One big difference is that most of those cities have direct competition. If they get too expensive, people go elsewhere. Auckland only has competition from much smaller cities and Australia (which is also overpriced).

The Aussie cities cities around Aucklands level in terms of population are much cheaper. Auckland competes with melbourne in terms of prices - which has almost 5 million people

One problem demonstrated here and in the UK, is that planning groupthink affects all the Councils. In the USA, there are dozens of cities of all sizes from 100,000 population to 7 million population that are growing like the blazes, taking all the deferred growth from bigger cities (and smaller cities with housing affordability). The biggest and fastest-growing of these cities will quite possibly end up catching up to LA and Chicago.

The wiser urban economists in the UK have been pleading for years for at least some smaller cities to be enabled to grow rapidly and with affordable housing, so that they would represent a genuine escape valve for London. The UK has no escape valve for London and NZ has no escape valve for Auckland. ChCh or Wellington could adopt policies that would see them catch Auckland within a couple of decades if Auckland didn't liberalise in response to remain competitive.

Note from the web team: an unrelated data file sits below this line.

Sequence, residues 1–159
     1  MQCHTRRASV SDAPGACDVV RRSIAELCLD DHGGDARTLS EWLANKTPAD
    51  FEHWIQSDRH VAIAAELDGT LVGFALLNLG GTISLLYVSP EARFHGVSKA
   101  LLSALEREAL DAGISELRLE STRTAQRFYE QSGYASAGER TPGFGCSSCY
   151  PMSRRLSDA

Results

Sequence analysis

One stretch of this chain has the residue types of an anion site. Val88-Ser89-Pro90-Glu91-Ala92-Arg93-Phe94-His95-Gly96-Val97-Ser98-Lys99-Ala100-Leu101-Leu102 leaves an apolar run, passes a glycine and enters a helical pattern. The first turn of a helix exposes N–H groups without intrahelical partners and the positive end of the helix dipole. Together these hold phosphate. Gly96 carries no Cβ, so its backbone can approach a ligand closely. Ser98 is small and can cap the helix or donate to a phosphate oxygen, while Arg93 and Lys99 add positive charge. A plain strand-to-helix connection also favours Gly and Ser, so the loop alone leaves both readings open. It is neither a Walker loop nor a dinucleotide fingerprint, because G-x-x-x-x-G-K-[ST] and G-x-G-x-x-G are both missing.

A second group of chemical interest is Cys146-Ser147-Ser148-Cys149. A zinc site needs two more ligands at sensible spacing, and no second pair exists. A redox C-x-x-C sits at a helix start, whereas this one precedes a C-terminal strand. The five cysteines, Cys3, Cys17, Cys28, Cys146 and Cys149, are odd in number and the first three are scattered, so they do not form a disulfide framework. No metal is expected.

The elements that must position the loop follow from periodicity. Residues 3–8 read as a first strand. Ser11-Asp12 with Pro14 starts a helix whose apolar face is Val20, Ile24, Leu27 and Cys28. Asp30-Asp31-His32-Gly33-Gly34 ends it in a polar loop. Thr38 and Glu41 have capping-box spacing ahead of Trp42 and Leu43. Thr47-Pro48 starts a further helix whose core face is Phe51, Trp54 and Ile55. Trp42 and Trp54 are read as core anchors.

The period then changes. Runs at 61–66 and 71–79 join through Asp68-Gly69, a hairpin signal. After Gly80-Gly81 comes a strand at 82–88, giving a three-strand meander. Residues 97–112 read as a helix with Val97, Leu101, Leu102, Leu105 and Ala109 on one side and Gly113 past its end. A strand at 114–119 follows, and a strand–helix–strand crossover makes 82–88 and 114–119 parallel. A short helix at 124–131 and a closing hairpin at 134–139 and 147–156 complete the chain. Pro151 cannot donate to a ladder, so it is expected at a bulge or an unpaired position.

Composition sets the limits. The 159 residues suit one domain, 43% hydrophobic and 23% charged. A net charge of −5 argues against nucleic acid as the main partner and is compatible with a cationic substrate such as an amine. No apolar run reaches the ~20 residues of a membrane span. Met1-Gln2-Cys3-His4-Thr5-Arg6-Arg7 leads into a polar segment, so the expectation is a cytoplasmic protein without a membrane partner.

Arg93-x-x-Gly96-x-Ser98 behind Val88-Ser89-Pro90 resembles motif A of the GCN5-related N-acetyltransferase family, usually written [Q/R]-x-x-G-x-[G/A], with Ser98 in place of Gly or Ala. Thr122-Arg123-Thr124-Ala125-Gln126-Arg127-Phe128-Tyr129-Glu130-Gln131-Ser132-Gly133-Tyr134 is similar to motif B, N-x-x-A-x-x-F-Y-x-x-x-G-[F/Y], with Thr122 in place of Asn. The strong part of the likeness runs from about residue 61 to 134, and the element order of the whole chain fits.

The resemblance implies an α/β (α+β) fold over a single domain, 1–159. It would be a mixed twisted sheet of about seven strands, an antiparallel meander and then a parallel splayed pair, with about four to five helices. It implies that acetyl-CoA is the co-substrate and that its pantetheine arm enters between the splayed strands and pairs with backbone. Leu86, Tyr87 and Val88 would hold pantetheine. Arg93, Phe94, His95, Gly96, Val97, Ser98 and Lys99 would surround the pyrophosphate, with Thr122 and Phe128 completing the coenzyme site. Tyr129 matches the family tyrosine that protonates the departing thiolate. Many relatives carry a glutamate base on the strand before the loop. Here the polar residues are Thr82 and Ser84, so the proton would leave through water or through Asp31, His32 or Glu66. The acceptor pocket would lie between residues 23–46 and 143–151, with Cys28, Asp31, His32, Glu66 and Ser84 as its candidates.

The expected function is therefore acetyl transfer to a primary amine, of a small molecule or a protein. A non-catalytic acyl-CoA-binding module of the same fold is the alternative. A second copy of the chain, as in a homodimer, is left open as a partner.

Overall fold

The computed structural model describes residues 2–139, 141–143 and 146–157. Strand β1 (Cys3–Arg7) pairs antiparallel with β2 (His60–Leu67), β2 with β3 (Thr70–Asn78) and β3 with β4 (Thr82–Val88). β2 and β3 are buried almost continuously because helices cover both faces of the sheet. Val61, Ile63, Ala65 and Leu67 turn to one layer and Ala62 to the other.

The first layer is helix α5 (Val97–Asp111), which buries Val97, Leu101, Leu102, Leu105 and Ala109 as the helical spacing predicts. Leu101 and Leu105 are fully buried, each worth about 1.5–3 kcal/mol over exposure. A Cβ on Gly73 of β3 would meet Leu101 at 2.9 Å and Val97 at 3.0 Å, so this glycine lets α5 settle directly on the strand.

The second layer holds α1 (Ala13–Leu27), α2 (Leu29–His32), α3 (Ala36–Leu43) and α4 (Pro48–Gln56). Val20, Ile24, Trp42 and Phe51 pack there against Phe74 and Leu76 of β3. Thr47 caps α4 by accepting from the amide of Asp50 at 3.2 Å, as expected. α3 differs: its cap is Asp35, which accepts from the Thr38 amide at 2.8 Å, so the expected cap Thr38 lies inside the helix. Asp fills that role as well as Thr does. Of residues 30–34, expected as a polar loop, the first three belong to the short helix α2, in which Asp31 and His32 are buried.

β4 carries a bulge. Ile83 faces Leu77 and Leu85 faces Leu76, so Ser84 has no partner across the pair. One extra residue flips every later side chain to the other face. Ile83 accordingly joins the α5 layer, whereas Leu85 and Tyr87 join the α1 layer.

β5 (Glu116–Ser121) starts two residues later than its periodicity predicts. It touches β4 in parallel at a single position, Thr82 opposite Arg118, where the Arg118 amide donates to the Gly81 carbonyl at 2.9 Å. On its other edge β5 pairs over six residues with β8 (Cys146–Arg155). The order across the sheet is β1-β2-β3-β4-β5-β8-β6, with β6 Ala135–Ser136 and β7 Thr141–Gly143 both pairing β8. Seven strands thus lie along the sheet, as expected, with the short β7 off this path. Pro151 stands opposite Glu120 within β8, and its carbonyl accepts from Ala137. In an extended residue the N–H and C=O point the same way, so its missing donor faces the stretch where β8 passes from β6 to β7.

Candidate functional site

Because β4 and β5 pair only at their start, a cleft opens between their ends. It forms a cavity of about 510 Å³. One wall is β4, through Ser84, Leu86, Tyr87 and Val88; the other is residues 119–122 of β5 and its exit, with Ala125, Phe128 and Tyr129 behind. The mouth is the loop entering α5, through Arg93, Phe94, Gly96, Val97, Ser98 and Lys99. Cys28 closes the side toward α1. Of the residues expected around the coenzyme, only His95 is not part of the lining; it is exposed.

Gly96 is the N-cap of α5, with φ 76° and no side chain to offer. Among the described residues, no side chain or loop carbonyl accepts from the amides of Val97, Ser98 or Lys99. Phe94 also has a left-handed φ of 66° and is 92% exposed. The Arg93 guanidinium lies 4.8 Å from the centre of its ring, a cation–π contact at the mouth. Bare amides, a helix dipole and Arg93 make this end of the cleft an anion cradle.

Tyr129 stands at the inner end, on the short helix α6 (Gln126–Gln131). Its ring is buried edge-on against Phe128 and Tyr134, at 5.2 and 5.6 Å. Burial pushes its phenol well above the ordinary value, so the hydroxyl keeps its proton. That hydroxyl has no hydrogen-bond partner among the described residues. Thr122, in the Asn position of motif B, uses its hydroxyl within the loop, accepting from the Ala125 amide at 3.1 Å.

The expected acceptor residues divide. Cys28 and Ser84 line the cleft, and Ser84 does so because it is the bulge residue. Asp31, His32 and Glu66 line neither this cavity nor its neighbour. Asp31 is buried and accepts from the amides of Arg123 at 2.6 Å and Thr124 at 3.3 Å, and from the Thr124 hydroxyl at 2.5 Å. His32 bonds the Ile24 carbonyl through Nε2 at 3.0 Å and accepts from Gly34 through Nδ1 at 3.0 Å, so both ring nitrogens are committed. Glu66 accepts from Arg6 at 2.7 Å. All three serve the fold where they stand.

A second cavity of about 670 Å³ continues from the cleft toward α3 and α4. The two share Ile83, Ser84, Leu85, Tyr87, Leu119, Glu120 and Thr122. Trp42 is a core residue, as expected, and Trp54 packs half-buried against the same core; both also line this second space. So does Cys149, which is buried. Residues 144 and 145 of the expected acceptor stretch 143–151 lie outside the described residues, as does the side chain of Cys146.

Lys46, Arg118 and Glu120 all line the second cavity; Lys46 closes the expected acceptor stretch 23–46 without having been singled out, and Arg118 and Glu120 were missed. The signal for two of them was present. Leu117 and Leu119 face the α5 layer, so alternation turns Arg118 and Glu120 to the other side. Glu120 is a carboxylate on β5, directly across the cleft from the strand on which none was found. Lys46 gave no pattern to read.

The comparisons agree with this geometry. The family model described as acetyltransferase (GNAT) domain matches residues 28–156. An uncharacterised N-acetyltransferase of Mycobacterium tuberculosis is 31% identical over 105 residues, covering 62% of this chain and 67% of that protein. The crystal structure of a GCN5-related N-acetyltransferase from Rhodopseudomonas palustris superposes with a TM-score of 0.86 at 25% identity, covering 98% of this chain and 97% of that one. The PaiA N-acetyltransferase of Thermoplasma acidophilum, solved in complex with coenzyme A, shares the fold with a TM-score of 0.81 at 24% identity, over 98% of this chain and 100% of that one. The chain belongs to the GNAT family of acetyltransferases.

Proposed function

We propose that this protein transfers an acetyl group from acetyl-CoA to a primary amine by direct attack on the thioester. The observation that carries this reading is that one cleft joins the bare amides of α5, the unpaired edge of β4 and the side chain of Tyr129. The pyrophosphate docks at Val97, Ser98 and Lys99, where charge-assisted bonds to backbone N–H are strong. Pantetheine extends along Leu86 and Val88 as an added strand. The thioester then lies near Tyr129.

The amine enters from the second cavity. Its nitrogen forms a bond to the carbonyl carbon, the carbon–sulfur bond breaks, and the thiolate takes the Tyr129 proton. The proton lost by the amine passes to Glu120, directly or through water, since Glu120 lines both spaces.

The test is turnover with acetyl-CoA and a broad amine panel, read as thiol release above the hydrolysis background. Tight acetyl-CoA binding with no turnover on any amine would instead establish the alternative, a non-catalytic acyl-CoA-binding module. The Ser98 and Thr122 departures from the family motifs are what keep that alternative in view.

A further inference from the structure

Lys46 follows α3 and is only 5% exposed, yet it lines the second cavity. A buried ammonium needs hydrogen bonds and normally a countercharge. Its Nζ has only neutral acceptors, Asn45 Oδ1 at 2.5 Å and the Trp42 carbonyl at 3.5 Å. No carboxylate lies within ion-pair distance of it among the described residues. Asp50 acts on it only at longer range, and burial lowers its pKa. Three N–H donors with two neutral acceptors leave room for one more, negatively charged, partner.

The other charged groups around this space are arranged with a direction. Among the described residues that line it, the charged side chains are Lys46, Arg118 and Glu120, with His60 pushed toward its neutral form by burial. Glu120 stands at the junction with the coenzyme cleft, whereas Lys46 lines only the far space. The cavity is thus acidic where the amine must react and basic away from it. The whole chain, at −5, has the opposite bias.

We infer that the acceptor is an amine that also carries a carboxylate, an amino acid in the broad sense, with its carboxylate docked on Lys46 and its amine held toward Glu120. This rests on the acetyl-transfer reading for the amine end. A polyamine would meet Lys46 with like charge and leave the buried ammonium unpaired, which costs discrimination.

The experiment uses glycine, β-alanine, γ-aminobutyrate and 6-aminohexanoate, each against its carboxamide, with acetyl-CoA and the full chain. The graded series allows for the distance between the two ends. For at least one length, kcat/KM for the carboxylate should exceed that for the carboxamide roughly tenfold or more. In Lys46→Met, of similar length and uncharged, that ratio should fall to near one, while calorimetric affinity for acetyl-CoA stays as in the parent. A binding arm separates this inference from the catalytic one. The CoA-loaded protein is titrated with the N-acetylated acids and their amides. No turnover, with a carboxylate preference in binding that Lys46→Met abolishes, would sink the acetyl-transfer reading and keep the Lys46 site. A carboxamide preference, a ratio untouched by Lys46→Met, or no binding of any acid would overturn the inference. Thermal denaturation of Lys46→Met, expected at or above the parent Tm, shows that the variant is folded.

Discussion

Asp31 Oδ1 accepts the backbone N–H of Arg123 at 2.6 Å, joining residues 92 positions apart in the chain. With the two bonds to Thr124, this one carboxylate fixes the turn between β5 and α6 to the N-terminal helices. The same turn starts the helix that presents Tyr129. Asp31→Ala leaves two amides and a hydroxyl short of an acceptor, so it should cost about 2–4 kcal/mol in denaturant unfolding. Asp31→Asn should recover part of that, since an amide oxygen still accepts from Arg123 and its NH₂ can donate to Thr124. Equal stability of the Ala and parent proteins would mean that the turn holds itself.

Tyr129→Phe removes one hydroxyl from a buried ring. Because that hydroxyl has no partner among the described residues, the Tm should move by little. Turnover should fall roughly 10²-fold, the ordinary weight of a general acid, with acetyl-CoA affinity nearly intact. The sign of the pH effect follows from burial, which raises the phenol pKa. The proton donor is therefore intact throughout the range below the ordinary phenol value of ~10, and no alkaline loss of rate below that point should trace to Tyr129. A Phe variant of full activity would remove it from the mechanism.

New York, San Francisco and London had been centres of economic growth for generations before they began witnessing growing pains but Auckland barely sprouted in the global economic landscape as a minor regional hub and has already hit its peak.
Our problem is we have been trying to run before we could learn to walk, we have barely enough resources to look after the existing population but we still want to fling the gates open without a plan of action in mind. We are in a hurry to jump right to the end of the socioeconomic development curve.

There are 3 historical phases to consider.

1) Pre automobile - all growth involved greater and greater cramming of people. Manhattan had twice as many people with 1/10 the floor space, in 1900, to what it had in 1970. Cities like Dhaka and Lagos are the densest today; it is all about crowding rather than skyscrapers. Pretty much all "first world" cities were this crowded in 1900

2) Post automobile - most cities spread out dramatically, with their original core losing 50 to 90% of their population to the new suburbs. This is also when the most rapid growth of population of cities occurred, with the urbanising of rural populations and the emptying out of smaller towns. Also medical advances and sanitation increased life expectancy.